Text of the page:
Similar to how parenting styles can determine how a growing child behaves during his or her developing years, siblings can similarly affect actions as well. Related research supports that adolescence may be a vulnerable period for siblings to negatively influence each other’s behavior, as teens have shown to be more biologically susceptible to risky and impulsive urges altogether.
Examples include the 2009 study, “Interpersonal Influences in Adolescent Drug Use—The Role of Older Siblings, Parents, and Peers,” where researcher Richard Needle, Ph.D., and colleagues from the University of Minnesota, University of Wisconsin, University of Rhode Island and University of Haifa analyzed the interactions within 508 families. Within the observation, each family’s offspring consisted of young adolescents between the ages of 11 and 13 and older siblings between 14 and 18 years. Results showed that older brothers and sisters commonly distributed illicit substances to and used drugs with their younger relatives. However, this statistic was greatly outnumbered by peer influences, which remained the top source for young teens to obtain and use drugs.
In the 2004 study, “Sibling effects on smoking in adolescence: evidence for social influence from a genetically informative design,” researchers from Brown Medical School in Providence, Rhode Island collected data from 1,421 adolescent sibling pairs who had previously participated in a nationwide school survey. After completing trials and interviews with the teens, the outcomes highlighted how similar the behavioral decisions were between peer brothers and sisters. When the results were isolated for the rate of smoking initiation, Cheryl Slomkowski and the other researchers found that, “About 43 percent of the sample reported never trying a cigarette at Wave 1, and approximately 17 percent of these individuals initiated smoking at Wave 2. Sibling social connectedness moderated the prediction of smoking initiation.”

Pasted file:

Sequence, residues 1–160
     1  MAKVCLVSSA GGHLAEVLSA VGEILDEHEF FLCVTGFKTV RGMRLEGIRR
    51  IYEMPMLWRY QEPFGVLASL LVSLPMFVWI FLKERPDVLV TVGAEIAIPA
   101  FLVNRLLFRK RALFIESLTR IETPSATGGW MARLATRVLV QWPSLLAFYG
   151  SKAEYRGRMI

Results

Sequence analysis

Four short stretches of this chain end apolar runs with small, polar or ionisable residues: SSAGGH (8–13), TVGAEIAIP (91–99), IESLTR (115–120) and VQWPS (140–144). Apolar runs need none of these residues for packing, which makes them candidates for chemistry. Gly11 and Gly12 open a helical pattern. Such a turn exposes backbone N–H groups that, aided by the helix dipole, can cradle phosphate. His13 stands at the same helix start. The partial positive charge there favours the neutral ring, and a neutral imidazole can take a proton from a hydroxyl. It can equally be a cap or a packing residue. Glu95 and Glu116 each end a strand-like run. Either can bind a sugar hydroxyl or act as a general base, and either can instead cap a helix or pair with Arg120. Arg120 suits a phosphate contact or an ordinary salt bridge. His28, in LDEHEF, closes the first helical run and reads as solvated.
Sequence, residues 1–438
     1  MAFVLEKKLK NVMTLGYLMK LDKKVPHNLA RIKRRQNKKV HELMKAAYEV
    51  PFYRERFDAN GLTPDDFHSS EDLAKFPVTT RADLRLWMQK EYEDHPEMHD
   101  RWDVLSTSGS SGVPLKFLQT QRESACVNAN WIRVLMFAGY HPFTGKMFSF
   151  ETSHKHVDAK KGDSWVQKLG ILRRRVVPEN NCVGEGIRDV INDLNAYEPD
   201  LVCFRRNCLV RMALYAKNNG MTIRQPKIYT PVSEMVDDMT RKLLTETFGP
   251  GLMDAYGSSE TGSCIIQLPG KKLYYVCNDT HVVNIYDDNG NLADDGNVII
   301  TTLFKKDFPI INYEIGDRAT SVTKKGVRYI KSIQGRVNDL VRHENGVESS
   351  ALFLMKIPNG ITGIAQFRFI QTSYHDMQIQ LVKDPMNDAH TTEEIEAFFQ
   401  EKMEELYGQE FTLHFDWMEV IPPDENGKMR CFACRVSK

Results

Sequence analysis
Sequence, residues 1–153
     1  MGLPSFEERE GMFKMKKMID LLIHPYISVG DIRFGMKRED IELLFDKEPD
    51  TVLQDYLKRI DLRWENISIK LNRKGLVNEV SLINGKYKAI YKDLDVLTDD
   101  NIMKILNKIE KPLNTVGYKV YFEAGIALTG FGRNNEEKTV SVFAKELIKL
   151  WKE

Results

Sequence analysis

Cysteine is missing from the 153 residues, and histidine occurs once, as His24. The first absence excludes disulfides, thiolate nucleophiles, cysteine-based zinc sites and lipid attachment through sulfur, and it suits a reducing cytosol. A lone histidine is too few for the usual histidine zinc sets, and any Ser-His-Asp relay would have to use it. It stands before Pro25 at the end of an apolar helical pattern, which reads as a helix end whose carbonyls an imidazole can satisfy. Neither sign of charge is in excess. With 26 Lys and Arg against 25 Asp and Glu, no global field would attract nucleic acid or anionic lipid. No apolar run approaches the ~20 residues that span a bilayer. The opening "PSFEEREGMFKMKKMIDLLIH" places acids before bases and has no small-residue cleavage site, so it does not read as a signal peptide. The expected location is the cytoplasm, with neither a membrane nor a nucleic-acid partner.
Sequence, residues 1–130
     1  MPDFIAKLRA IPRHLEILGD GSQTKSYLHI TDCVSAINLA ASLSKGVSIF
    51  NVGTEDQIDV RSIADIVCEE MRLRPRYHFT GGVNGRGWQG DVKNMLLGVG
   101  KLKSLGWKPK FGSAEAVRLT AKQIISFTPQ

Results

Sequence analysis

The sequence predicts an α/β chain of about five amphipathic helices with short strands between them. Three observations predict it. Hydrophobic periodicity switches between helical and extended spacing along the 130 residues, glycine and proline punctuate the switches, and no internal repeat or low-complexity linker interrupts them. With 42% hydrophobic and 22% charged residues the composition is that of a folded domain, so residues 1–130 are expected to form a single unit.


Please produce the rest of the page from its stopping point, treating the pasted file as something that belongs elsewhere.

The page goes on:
Lastly, a 2013 publication, “Sibling influences on adolescent substance use: The role of modeling, collusion, and conflict,” detailed how researchers Sabina Low and fellow experts from Wichita State University and the Oregon Social Learning Center examined a sample of 244 pairs of same-sex siblings. Through a combination of questionnaires, interviews and observation, the team found that the substance use behavior of older siblings had a direct and measurable impact on younger siblings’ drug use. Overall, the relationship dynamics and reinforcement from the older child was a strong determinant of the younger child’s deviancy.
Mark E. Feinberg and other colleagues from Pennsylvania State University sum up this trend in sibling substance use in a 2012 article published in the Clinical Child and Family Psychology Review. In it he stated, “Siblings’ mutual reinforcement of antisocial attitudes and behaviors is a powerful additional influence on externalizing and substance use problems. In these many ways, siblings are a driving force in one’s competence and success at school, with peers, and with romantic partners, as well as one’s difficulties with self-esteem, depression, and disruptive, delinquent, and risky behavior.”
Sovereign Health Rancho San Diego is a specialized facility that can help adolescents with their respective mental health, substance abuse and dual diagnosis issues and foster well-being. If you would like to learn more about how we can help call at any time to speak with a professional for yourself or your teen.
Written by Lee Yates, Sovereign Health Group writer